The Taste of Others (2000) – Agnès Jaoui — Robin Write @WriteoutofLA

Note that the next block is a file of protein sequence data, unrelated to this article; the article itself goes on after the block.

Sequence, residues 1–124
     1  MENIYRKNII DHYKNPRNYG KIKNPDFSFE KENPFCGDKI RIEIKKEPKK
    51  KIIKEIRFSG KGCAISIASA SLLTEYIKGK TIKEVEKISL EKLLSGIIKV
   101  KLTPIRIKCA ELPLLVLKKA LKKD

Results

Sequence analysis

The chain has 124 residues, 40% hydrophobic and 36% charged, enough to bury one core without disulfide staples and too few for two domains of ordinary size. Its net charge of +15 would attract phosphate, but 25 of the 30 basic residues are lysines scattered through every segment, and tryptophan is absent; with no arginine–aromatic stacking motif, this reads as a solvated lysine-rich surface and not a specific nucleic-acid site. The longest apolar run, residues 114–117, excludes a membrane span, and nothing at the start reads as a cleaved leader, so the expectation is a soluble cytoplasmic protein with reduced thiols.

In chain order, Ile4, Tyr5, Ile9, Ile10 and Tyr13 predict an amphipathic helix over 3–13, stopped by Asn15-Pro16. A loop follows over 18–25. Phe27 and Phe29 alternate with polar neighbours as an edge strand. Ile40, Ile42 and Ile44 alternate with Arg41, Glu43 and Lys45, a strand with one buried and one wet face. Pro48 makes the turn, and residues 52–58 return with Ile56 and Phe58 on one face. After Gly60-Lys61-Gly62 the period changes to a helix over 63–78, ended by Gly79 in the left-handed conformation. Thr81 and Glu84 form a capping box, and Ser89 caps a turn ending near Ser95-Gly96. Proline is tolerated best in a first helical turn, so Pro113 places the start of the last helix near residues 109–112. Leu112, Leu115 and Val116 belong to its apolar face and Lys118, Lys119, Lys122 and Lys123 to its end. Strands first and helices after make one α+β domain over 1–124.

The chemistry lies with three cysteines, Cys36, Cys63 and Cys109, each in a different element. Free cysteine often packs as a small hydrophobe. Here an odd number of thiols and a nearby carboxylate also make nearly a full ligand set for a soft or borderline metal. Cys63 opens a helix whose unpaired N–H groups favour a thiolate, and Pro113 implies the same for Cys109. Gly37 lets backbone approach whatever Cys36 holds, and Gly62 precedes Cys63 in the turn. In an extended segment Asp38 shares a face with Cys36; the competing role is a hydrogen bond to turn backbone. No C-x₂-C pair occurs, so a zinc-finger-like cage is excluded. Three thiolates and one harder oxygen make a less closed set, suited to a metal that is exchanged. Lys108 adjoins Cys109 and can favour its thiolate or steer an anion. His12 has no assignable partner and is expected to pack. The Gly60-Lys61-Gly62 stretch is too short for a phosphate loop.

Nominated for the Best Foreign Language Film the year of Crouching Tiger, Hidden Dragon (Amores Perros was also short-listed), The Taste of Others marks the directorial debut for French actress Agnès Jaoui. A rather delightful, exquisitely written comedy-drama with a light heart and a luring sense of attraction. You might call it a relationship movie, with a relatively large cast of characters socializing and being honest in their conforming to others. They could well be at times in a Robert Altman film. The main array of adults interact as they learn to speak English for successful business transactions, or love their dog way beyond their continual nipping at people’s ankles, forget a sexual conquest from years earlier, deal light drugs from their apartment, worrying about your career longevity at forty. The main players talk serious, grown-up issues mostly, but Jaoui is never heavy-handed in her writing or direction. There are smaller sympathetic moments too – like when one woman flippantly informs someone she does not like mustaches and her admirer’s face drops. At their next meet he has completely shaved his mustache off, but she hardly notices. It’s quirky and somehow true, delivered with a real human tone for wearing your heart on your sleeve or shielding how you really feel. There’s a particular redeeming smile towards the film’s close that demonstrates both in affecting style.